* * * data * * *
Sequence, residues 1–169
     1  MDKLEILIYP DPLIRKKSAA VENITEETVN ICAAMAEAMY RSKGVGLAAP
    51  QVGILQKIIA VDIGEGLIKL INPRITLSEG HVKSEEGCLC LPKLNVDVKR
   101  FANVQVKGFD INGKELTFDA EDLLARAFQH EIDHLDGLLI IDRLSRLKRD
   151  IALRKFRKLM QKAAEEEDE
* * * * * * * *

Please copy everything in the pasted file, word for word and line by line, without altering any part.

Sequence, residues 1–169
     1  MDKLEILIYP DPLIRKKSAA VENITEETVN ICAAMAEAMY RSKGVGLAAP
    51  QVGILQKIIA VDIGEGLIKL INPRITLSEG HVKSEEGCLC LPKLNVDVKR
   101  FANVQVKGFD INGKELTFDA EDLLARAFQH EIDHLDGLLI IDRLSRLKRD
   151  IALRKFRKLM QKAAEEEDE